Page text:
Arts & Entertainment
Love Among Sisters
Faith plays only a bit part in a moving story of five Irish sisters
BY John Prizer
December 06-12, 1998 Issue | Posted 12/6/98 at 1:00 PM
In hard times family is often the only refuge. But sometimes it comes at a price. Blood relatives may lend each other a helping hand, but they can be quicker than outsiders to pass judgment on each other. Deep familial love can also be accompanied by rivalries and jealousies that refuse to die.
Dancing at Lughnasa set in Donegal, Ireland, in 1936, dramatizes the lives of the five unmarried Mundy sisters who struggle together to keep the family farm from going under. Director Pat O'Connor (Circle of Friends) and screenwriter Frank McGuinness have adapted Brian Friel's play so that interpersonal relationships drive the story.
One of the subtexts is the juxta-position of Catholic and pagan spirituality. The movie is neither anti-Church nor anti-clerical, but orthodox faith isn't depicted as being of much use to any of the characters. Human love, in all its tangled mysteries, is upheld as the highest value.
The oldest sister, Kate (Meryl Streep), is a bossy schoolteacher. Nicknamed “the gander” by her students, she makes all the key family decisions and tries to keep her younger siblings in line. A practicing Catholic, she's the most devout of the sisters. But the rules of religion seem more important to her than compassion, and she uses them to judge and manipulate others.
The other sisters seem to need her leadership. The mentally slow Rose (Sophie Thompson) has a married boyfriend whom she often sneaks off to meet despite Kate's strong disapproval. Aggie (Brid Brennan) brings in extra money by knitting sweaters at home and usually takes Rose's side in family quarrels.
Maggie (Kathy Burke) has an earthy sense of humor which contrasts with Kate's primness, and she's the only sibling willing to stand up to her. Christina (Catherine McCormack) is the pretty one. She has an illegitimate eight-year-old son, Michael (Darrell Johnston), whom her sisters are helping raise. He narrates the story from the perspective of an adult several decades later.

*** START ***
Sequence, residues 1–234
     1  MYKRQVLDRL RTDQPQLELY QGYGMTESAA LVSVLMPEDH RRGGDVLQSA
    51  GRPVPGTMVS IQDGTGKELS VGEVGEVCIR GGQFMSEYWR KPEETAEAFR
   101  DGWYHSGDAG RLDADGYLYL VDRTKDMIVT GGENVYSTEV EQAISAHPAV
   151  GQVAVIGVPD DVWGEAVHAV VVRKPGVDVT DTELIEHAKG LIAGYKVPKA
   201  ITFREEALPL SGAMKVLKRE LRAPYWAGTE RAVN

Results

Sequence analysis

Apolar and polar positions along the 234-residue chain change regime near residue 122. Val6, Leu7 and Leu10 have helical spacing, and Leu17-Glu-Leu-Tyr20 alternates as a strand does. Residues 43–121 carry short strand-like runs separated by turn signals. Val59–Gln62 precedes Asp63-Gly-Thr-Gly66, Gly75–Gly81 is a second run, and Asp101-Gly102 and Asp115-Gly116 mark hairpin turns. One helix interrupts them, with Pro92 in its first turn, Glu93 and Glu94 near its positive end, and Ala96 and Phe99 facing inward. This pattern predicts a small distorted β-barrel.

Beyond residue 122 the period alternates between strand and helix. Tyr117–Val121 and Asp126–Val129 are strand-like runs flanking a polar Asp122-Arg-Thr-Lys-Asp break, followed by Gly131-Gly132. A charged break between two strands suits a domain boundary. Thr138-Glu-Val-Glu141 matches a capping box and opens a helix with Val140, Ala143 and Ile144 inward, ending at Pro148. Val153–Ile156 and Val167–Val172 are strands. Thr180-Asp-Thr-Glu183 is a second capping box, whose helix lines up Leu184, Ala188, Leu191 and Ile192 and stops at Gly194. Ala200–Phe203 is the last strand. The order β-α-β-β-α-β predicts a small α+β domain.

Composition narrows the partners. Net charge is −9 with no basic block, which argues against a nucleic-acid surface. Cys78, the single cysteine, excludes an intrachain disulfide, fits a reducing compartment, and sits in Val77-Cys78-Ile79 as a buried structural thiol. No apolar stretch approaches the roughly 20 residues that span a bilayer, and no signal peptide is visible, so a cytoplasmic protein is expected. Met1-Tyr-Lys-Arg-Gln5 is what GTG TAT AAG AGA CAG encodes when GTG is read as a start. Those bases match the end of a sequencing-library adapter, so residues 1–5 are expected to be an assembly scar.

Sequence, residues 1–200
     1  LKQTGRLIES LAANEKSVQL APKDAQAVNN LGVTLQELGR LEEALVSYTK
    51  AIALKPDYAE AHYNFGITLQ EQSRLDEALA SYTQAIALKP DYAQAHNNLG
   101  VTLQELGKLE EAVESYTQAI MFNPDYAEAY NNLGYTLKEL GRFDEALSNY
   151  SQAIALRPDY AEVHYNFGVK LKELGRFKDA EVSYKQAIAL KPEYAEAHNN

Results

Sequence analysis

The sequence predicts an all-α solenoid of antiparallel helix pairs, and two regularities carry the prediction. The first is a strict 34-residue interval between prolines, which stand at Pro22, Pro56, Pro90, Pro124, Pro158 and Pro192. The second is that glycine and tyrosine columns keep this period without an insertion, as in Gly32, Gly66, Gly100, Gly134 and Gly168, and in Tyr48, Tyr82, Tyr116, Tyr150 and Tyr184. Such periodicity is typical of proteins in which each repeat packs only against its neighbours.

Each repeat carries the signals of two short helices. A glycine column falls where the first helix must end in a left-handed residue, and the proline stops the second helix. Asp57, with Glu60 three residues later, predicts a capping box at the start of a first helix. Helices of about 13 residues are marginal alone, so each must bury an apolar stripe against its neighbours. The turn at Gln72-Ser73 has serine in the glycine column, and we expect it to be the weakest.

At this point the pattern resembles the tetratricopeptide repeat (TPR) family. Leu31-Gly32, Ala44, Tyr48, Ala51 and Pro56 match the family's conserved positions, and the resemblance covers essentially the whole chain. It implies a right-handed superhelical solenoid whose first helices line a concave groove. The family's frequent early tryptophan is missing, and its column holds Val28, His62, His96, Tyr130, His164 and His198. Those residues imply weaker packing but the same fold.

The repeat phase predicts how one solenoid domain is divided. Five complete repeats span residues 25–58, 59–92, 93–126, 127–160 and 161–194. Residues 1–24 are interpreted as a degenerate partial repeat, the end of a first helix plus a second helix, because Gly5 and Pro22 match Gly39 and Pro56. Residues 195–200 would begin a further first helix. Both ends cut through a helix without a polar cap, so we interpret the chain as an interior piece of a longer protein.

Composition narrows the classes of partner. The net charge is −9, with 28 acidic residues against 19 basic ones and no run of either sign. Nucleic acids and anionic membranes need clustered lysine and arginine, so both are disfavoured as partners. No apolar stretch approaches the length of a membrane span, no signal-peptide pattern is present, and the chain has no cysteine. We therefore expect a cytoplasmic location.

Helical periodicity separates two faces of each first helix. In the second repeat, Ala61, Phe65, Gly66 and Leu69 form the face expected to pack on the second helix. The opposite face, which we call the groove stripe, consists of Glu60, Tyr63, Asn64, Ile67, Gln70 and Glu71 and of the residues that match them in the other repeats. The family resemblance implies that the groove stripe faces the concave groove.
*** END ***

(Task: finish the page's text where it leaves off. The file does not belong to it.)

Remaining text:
Two men enter the sisters' lives, and neither is much help. Gerry Evans (Rhys Ifan) is the father of Christina's child. A dashing Welshman who teaches dancing, he charms all the sisters except Kate. His son, of course, adores him despite his rare visits.
Settling down is far from Gerry's mind. He's decided to go off to Spain to fight Franco and the fascists, and he drops in on the Mundys to say good-bye and briefly rekindle his romance with Christina.
The other man is the sisters' brother, Jack (Michael Gambon), a priest who's worked 30 years in African missions. “To have a priest in the family is a great honor,” Kate observes.
The Mundys and all their neighbors are proud of Father Jack. But he returns a broken man, both physically and mentally. “I think I've come home to die,” he says.
Father Jack is obsessed with African folk religion. He rambles on about witch doctors and ritual sacrifices. His conversation includes almost no references to the Catholic faith. Because of this, the local parish priest, who's presented as a cold, unfeeling figure, refuses to let him celebrate Mass. The filmmakers don't treat Father Jack's pagan sympathies as superior to Christian beliefs. But they don't peg them as inferior either — just different.
Father Jack accompanies Rose to a secret pagan harvest festival held in the nearby woods. Her boyfriend is an enthusiastic participant. Both Mundys are repulsed. All they see is heavy drinking and lascivious behavior. They quickly leave. The filmmakers depict the pagan ceremony as an ecstatic release for the repressed peasantry. But it isn't shown to provide any lasting sustenance.
The movie's most potent scene is the sisters' own moment of release. A lively Irish folk tune is heard on the radio. The five women abandon their chores, join hands, and begin to dance. Unlike the pagan activities at the harvest festival, the music's frenzied rhythms not only help the sisters cut loose but also bring them closer to one another. They naturally anticipate each other's moves and experience a profound collective joy.
Bad fortune strikes. Kate is laid off by the Catholic school where she teaches, and a textile mill opens nearby that may take business away from Aggie's home knitting.
The Mundy sisters are survivors. Our hearts go out to them, and we root for them to prevail. But it's too bad both the movie and the original play ignore the role that faith can play in holding together a close knit family like theirs.
Arts & Culture correspondent John Prizer writes from Los Angeles.
Dancing at Lughnasa is rated PG by the Motion Picture Association of America (MPAA).
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